As a fossil fuel that took over 300 million years to come about, coal has played an important role in our early development. In fact, many of the mechanical inventions we have designed are the result of coal power that was introduced over two centuries ago. Read on as the Pearson Fuels team delve deep into the history of coal and piece together the fragments that lead to the way we use the fossil fuel today…

Early Years

Coal production is thought to have started as early as 371 BC where references to the use of coal in metalwork have been found in written works by Theophrastus. In addition to this, references to coal extraction in China that date back to 200 BC have also been found. Plus, in the 2nd Century AD, the Romans took advantage of Britain’s abundant coalfields and used them to heat public baths. After Roman Britain collapsed however, the use of coal was not recorded again for 10 centuries until trading agreements between Scotland, Northeast England and London were unearthed, dating back to the 12th century.

Important Milestones

Following this, coal became popular with artisanals in London which created a pollution problem and lead to a Royal Proclamation in 1306 which prohibited coal for artisanal use, forcing them to revert back to charcoal and wood. The 15th century is when coal was reintroduced as a domestic heating solution.

Two centuries later, the supply of wood was running out which means that coal became the go to alternative due to its abundance. In 1575, Sir George Bruce of Carnock opened one of the first coal mines in order to gather coal from underneath the Firth of Forth. His construction of a 40ft shaft was considered a wonder of the time.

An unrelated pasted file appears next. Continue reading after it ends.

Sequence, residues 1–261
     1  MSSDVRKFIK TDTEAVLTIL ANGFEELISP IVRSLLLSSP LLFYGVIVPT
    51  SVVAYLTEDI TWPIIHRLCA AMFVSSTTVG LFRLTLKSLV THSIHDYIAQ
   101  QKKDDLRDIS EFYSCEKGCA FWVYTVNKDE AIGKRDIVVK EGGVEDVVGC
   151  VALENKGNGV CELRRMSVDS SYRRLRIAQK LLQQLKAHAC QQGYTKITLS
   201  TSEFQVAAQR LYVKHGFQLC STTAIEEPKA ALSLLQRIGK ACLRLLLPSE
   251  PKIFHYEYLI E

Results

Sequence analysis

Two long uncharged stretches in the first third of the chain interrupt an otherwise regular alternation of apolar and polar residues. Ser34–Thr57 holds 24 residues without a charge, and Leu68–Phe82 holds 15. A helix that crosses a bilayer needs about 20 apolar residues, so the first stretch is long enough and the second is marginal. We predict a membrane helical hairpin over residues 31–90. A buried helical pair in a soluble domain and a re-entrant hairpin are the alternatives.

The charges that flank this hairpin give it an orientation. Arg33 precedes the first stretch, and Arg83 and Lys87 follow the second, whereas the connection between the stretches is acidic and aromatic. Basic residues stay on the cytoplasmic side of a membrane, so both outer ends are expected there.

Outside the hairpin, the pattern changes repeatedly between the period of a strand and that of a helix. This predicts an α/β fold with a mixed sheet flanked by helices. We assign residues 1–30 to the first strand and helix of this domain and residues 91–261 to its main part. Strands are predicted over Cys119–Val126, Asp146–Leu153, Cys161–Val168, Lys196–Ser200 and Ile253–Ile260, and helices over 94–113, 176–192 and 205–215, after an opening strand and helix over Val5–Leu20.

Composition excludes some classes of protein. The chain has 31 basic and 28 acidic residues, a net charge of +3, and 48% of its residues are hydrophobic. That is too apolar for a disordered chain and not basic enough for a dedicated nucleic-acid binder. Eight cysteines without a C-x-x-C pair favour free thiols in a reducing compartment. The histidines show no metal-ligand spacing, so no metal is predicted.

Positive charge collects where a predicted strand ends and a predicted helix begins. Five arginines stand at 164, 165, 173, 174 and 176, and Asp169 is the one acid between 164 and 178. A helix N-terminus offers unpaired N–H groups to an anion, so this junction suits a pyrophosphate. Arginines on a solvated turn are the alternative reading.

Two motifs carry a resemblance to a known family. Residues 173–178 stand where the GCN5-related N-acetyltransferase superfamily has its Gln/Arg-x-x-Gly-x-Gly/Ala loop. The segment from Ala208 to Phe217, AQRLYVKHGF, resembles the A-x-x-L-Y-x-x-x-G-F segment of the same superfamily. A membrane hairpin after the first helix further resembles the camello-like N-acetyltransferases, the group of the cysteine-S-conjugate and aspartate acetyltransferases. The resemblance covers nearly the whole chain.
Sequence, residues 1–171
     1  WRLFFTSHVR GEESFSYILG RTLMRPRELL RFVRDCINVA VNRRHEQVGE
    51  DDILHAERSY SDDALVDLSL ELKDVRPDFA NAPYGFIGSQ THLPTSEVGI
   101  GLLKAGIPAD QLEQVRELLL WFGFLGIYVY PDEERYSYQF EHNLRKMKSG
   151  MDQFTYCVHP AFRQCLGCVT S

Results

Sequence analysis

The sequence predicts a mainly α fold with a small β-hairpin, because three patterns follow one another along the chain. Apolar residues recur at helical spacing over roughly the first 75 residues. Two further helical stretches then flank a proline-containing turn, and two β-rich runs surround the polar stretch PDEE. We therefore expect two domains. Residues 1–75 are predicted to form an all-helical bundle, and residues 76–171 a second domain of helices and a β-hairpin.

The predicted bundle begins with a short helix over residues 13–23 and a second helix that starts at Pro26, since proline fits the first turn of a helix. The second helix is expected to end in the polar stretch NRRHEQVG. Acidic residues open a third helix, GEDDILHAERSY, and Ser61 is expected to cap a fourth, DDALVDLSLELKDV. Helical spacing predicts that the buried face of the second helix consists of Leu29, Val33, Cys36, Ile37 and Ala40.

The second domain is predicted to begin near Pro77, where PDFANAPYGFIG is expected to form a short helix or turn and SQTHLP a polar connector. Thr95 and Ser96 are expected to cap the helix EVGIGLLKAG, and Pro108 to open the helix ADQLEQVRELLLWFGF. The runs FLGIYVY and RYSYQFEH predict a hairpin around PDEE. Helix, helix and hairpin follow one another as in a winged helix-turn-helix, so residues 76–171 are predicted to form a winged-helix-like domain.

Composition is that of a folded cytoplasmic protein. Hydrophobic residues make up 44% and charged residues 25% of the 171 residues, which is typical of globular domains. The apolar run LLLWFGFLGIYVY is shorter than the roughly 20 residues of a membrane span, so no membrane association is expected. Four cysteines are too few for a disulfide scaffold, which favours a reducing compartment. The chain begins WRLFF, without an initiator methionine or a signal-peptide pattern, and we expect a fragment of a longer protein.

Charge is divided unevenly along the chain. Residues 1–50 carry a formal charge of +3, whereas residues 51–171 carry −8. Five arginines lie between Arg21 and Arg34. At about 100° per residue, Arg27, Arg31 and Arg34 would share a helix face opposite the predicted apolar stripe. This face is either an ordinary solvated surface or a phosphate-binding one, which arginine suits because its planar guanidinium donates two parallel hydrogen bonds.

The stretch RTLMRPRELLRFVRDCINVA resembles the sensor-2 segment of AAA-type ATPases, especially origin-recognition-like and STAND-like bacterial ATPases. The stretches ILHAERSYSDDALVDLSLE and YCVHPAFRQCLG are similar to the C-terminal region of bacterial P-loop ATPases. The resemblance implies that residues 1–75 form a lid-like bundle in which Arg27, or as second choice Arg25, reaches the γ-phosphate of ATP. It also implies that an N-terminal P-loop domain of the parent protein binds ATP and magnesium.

The 17th century lead to further developments in mining technology and many mines started experimenting with timber supports in order to prevent the roof caving in. In addition to this, a steam engine that could pump 60 gallons per minute was developed in 1698, which made coal mining much easier.

As the 18th century drew to a close, the surface deposits of coal were exhausted and miners realised that they had to delve deeper to continue trading, leading to the development of deep shaft mining. In addition to this, 1815 also saw the coal output of Britain hit 16 million tonnes, which was an increase of 62.5% since 1780 when it was only 6 million tonnes. Just 15 years later, the figures hit 30 million tonnes!

Industrial Revolution

Thanks to the development of deep shaft mining, the coal industry was booming. It played a fundamental role in the industrial revolution. In fact, it was available in such abundance that it eventually became a cheaper source of power than wood or charcoal. With the development of factories, mills and steam engines, coal was the number one source of power on the market.

Here at Pearson Fuels, we know how much of an important role coal plays in our power production. In fact, many people still use it inside the home in order to generate heat. After all, with such a rich history, it is rather fitting that the fossil fuel has travelled full circle. If you’re looking for a reliable bituminous coal supplier, get in contact with the best coal merchants around today!